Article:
Rock solid, as media guru Ken Doctor just detailed for Nieman Lab: “DFM reported a 17 percent operating margin — well above those of its peers — in its 2017 fiscal year, along with profits of almost $160 million. That’s the fruit of the repeated cutbacks that have left its own shrinking newsrooms in a state of rebellion.”

This week Denver Post editorial page editor Chuck Plunkett wrote another piece blowtorching Alden, but that one was rejected, which triggered Plunkett’s resignation.

“I was being boxed in so that I couldn’t speak,” Plunkett told CNN’s Brian Stelter. “How can I be silent at this point?”

Ironically, Plunkett may have silenced every editorial voice at Digital First’s newspapers.

[Plunkett] also said “there is active consideration of doing away with the editorial pages throughout the company.” He means “at all the papers” owned by Digital First Media . . .

That would include the Boston Herald, which coincidentally has just gotten its editorial page sorted out.

As CommonWealth Magazine’s Michael Jonas recently chronicled, after Digital First’s purchase of the Herald, it had no editorial page editor. But then it did.

Tom Shattuck, a former talk radio producer who has run the paper’s online radio station and written op-ed columns, will replace Rachelle Cohen, the paper’s longtime editorial page editor who left last month when Digital First Media took ownership of the Herald.

Except soon, according to Plunkett, he might not.

Put aside any opinions about Shattuck himself, whom Jonas calls “an unwavering cheerleader for President Trump, a sharp departure from the editorial page under Cohen.”

Representative sample: The editorial in today’s smoochy local tabloid under the headline Media distortion hits new lows. Clunky-as-hell lede: “Another week has gone by in which the media covering the president of the United States has committed reckless malpractice more disgraceful than usual.”

People might say no great loss if that voice goes away. Beyond that, there’s exactly zero chance that the shaky local tabloid will ever go scorched-earth on Digital First.

Even so, no editorial voice at the Herald?

That would be just wrong.

Hexit Watch™: Owen Boss Gets Some New Bosses

And the beat (feet) goes on . . .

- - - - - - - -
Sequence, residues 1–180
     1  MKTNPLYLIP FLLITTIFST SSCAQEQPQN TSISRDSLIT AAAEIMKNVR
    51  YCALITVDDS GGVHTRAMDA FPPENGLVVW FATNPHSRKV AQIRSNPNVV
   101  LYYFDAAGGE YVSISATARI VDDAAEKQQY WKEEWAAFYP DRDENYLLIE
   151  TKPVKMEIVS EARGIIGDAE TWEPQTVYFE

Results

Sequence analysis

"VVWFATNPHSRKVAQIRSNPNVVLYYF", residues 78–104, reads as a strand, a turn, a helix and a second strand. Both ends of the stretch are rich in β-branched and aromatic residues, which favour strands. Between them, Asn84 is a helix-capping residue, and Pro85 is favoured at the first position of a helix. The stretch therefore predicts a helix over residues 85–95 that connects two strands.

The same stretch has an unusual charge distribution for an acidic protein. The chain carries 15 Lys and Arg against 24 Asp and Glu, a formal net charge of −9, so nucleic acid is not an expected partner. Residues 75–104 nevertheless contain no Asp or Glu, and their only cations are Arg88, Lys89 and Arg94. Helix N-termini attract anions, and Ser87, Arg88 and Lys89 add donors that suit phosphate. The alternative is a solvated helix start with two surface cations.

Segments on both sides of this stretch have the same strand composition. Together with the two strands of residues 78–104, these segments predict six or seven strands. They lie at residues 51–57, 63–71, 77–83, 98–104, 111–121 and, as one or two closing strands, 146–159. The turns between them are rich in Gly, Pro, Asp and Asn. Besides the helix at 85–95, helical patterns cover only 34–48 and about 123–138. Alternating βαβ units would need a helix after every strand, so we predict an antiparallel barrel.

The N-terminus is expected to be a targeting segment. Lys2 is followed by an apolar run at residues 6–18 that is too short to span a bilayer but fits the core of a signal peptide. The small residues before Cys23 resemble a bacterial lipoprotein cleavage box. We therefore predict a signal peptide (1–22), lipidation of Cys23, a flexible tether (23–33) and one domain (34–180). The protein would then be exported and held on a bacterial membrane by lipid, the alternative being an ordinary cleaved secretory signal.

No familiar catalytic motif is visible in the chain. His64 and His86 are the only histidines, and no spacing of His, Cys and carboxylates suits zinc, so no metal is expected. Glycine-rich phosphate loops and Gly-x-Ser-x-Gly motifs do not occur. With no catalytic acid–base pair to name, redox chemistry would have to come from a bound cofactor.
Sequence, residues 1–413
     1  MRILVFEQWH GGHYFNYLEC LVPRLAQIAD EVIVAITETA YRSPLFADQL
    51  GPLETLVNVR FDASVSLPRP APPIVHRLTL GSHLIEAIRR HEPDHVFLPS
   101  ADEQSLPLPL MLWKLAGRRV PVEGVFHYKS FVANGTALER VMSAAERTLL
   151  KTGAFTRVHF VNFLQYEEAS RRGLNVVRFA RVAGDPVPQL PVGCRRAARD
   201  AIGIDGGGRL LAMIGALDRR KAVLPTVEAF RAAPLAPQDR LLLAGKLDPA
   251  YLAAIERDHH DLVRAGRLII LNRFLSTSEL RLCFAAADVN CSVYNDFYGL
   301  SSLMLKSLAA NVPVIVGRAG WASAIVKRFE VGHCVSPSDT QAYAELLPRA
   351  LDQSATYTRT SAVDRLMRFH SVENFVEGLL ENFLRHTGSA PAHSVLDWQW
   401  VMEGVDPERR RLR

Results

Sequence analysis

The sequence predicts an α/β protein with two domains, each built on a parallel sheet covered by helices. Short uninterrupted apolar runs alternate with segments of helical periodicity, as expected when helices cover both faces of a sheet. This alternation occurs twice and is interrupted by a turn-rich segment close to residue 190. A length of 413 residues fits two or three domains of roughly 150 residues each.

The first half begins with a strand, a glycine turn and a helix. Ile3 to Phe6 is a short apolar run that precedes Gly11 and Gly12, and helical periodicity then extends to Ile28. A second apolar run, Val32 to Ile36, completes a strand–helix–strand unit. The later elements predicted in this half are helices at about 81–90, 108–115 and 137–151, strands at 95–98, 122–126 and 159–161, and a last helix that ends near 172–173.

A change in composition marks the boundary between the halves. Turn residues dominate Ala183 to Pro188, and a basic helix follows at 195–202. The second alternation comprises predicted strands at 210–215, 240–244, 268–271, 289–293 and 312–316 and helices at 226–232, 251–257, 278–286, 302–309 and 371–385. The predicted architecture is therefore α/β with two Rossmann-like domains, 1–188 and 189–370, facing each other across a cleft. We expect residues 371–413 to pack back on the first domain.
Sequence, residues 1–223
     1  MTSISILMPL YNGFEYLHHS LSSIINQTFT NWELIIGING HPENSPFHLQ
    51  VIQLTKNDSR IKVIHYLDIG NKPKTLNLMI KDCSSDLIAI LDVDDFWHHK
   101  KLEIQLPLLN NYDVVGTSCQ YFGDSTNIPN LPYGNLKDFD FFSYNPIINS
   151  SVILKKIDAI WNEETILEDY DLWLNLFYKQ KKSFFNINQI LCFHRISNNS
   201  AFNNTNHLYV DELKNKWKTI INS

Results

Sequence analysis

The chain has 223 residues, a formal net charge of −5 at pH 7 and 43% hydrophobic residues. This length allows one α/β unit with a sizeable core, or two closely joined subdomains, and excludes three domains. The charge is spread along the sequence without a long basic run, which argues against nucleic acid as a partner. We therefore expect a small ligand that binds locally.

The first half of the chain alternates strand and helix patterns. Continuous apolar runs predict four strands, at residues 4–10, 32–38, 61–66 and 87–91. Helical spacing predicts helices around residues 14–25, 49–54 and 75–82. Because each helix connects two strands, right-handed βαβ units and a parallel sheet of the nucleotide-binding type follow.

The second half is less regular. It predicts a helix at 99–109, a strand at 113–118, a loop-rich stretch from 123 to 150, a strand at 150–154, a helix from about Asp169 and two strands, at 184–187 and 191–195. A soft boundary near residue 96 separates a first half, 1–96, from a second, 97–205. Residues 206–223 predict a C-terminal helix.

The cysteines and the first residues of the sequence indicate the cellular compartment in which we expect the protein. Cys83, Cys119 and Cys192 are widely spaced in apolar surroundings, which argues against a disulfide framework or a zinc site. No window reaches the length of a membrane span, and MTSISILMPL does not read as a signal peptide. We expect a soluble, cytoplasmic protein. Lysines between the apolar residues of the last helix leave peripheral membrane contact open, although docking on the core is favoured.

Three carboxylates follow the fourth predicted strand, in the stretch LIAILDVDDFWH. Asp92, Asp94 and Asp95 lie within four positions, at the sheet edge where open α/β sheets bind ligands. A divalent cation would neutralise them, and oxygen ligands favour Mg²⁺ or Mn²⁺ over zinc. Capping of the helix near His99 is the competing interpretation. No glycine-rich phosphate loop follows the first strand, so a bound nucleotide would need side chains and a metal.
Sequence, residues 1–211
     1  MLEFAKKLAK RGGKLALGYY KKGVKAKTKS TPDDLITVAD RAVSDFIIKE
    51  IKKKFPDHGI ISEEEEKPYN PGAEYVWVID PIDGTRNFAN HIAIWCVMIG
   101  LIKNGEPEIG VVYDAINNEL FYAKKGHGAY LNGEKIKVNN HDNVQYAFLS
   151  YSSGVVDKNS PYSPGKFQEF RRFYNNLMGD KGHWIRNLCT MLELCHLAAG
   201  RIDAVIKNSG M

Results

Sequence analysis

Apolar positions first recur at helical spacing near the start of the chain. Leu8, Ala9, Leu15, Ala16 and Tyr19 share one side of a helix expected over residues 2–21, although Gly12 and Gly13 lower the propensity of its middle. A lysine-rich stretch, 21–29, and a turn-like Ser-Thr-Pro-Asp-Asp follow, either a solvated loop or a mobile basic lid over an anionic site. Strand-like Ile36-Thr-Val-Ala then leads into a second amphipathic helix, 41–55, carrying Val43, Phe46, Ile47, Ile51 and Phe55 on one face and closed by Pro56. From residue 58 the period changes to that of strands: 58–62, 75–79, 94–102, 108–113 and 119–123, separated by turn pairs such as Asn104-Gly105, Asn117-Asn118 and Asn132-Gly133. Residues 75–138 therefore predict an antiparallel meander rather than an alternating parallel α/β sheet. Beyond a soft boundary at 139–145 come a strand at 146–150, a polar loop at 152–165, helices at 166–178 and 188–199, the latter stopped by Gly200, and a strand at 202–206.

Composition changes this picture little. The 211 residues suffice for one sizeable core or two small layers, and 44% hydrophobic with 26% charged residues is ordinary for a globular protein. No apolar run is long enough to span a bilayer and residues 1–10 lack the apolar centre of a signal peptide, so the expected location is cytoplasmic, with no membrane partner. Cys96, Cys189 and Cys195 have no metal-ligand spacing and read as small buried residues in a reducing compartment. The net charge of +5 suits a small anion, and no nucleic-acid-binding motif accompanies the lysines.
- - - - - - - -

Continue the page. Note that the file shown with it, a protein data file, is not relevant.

While the sad reading staff was chronicling the exodus of former Boston Herald Deputy Editorial Page Editor Julie Mehegan from Fargo Street to the State House corner office, we noticed this in her Twitter feed.

That would be Herald reporter Owen Boss, who’s listed as such on the paper’s website.

Except here’s what we found @OVVenBoss.

So, to recap:

Owen Boss has departed the skimpy local tabloid and landed at WHDH.

Good luck with those new bosses, Owen.

And, hey, Herald webmaster: Keep up, man.

Hexit Watch™: Julie Mehegan Goes Gubernatorial

And the beat (feet) goes on . . .

CommonWealth Magazine’s Michael Jonas recently noted another departure from the shrinky local tabloid.

The Herald’s phantom editorial page

Unclear who’s running paper’s opinion page under new ownership

BY ALL OUTWARD appearances, the Boston Herald continues to chug along under its new ownership, with its hard-working reporters churning out solid stories amidst the demoralizing departure of co-workers from the newsroom’s already depleted ranks.

The paper’s editorial page, too, hasn’t skipped a beat, offering up a daily dose of sharp opinion despite the exit nearly three weeks ago of longtime editorial page editor Rachelle Cohen and Julie Mehegan, the deputy editorial page editor, who worked alongside her for more than a decade.

But an intriguing mystery about the paper’s editorials has arisen. Though newspaper editorials are traditionally unsigned, they reflect the views of the editor of the page, who is often listed on a newspaper’s masthead. In the three weeks since Cohen and Mehegan left, however, the masthead has listed no editorial page editor.

The dish: “According to sources familiar with the situation, Cohen was not offered a position but Mehegan was and accepted it, presumably putting her in line to run the editorial page as a solo operation. At the time of the mid-March ownership change, however, Mehegan was offered a communications position with the Baker administration and opted to take it and leave the Herald along with her longtime boss.”

To much applause in the Twitterverse, we might add.

Best of luck, Julie. The Herald’s loss is Charlie Baker’s gain.